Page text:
The news that President Donald Trump, in a fit of childish petulance, fired FBI Director James Comey on Tuesday is understandably dominating the news cycle. But on the same day, the director of another major federal agency, John Thompson of the Census Bureau, also left his job in a move that came as a surprise to those who follow the agency's goings-on. In many ways, this sudden resignation of a major agency director is just as troubling as Comey's outright firing.
The Trump administration is trying to spin Thompson's departure as a simple decision to retire, which is a narrative that's impossible to swallow, considering the abrupt nature of his exit. The reality is that Thompson was at the center of an ugly debate over funding, with Republicans trying to slash the bureau's budget well below what he felt he needed in order to conduct an accurate nationwide census. It's widely believed Thompson left rather than deal with an untenable situation of trying to do a good job without adequate resources.
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Republicans love cutting government budgets in order to fund tax cuts for rich people, of course, but the choice to target the Census Bureau is alarming because it has clear political ramifications. Not to put too fine a point on it, but there is reason to worry that Republicans may not want the bureau to do too good a job collecting the 2020 data on Americans. Having a full and accurate picture of the American population cuts against many conservative goals, so it's no surprise that the party of "alternative facts" is not particularly interested in letting the Census Bureau do its job.
The most obvious concern is that census data is used to determine political representation, which is critical to a functioning democracy.
“Any turnover, any lack of funding, puts at risk a full and accurate count of every person in the country, and that has huge implications for fair representation," explained Dan Vicuña, the national redistricting manager for Common Cause.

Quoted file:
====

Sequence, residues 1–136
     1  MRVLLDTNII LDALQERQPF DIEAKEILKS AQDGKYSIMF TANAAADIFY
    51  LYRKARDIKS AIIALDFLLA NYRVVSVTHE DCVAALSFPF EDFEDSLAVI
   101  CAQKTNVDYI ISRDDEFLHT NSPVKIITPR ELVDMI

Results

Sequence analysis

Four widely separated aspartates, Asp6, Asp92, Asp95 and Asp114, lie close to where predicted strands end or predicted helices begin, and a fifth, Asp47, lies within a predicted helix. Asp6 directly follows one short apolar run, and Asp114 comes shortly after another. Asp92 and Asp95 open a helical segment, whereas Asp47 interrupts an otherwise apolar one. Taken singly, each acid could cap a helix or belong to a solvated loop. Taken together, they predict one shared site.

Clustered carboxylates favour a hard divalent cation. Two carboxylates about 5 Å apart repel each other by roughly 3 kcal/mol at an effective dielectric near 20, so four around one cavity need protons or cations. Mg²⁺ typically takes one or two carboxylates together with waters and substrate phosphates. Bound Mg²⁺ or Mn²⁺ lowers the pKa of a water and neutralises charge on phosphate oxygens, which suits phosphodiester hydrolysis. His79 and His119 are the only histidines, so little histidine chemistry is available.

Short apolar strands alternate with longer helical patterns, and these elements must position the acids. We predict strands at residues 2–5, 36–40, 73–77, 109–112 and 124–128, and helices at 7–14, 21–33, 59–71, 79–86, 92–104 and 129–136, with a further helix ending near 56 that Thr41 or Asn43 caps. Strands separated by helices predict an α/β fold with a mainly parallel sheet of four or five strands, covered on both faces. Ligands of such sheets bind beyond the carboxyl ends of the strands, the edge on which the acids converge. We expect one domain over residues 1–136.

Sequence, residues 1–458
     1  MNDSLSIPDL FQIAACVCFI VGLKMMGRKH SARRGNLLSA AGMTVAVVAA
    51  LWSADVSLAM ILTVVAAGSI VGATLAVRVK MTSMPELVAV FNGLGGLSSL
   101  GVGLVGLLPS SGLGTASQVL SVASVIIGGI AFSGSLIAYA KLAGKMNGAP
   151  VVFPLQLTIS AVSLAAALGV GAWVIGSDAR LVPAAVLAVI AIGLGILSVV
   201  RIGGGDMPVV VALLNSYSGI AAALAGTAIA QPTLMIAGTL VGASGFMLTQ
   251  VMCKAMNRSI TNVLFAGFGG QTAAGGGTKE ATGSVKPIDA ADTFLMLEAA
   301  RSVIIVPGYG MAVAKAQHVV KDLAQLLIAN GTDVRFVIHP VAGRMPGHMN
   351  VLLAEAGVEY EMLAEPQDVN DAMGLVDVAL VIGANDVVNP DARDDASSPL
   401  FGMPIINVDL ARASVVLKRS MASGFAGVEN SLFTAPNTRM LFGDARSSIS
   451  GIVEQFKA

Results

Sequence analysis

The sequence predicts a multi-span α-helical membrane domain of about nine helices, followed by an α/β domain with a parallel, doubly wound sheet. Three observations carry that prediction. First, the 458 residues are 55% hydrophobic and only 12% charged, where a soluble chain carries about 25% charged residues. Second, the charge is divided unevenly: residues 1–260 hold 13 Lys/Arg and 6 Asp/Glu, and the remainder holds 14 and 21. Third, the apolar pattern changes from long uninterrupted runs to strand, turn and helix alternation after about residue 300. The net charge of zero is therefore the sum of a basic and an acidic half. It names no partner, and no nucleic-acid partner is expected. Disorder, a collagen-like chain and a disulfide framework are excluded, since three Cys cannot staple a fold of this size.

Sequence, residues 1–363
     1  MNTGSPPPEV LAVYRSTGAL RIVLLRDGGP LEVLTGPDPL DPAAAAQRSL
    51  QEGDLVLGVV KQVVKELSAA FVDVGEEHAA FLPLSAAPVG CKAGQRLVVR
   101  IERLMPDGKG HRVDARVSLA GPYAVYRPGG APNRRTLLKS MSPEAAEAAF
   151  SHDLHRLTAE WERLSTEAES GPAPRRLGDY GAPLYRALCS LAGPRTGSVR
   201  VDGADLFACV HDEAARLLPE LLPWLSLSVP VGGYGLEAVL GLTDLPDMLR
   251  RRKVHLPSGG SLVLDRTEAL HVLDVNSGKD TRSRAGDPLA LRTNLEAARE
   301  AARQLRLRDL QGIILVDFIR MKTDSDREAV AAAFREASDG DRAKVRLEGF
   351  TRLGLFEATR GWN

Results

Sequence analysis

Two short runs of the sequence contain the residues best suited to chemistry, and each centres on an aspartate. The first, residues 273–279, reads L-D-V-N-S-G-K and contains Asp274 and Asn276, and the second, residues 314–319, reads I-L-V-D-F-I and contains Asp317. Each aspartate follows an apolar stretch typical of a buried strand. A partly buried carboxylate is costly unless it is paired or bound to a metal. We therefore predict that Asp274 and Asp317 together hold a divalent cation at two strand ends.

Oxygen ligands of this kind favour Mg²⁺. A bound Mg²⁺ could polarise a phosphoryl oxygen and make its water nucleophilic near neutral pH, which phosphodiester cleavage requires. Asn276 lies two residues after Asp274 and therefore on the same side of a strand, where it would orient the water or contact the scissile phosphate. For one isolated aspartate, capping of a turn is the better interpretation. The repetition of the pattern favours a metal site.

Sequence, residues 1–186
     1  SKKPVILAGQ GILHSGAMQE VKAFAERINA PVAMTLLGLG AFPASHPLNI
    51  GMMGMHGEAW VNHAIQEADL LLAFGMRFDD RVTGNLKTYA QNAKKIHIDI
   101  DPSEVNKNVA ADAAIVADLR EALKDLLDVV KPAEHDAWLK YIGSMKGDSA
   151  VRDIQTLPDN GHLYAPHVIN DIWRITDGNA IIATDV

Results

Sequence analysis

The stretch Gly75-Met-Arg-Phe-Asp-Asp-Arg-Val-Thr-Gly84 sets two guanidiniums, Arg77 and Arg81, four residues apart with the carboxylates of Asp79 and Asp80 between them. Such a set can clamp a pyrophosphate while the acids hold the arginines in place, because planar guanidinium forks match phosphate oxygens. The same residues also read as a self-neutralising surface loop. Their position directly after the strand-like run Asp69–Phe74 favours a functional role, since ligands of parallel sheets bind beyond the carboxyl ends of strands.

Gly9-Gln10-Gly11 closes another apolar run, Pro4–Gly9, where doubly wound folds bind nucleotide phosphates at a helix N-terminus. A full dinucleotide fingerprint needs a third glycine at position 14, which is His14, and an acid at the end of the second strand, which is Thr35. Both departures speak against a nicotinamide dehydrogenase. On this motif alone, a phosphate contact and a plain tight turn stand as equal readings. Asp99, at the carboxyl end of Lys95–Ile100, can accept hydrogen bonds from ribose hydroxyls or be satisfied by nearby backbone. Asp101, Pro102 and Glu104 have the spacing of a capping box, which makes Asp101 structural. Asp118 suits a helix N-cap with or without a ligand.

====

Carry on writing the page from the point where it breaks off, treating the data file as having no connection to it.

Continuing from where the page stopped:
“There’s already a problem, even under the best of circumstances, with certain communities, especially communities of color, being counted fully and thus getting full representation in Congress, state legislatures and city councils," continued Vicuña, whose nonpartisan group fights for fair representation and against corruption in government. "Compounding that problem by underfunding the count is a legitimate threat to democracy.”
In our phone conversation, Vicuña argued that underfunding the Census Bureau could lead to a situation where "political power will be distributed disproportionately to white voters, to people who are wealthier."
Of course, none of that sounds bad to Republicans, who have already spent years trying to undermine the political power and representation of people of color through voting-rights restrictions and racialized gerrymandering strategies. Under the circumstances, underfunding the Census Bureau so it simply can't provide a full and accurate count of how many people are living in racially diverse — and Democratic-leaning — communities has many benefits for Republicans.
But the voting rights issue isn't the only concern raised by the budget fight that led to Thompson's sudden departure. Allegra Chapman, the director of voting and elections at Common Cause, worries that undermining the Census Bureau constitutes an attack on the administrative duties of the federal government generally.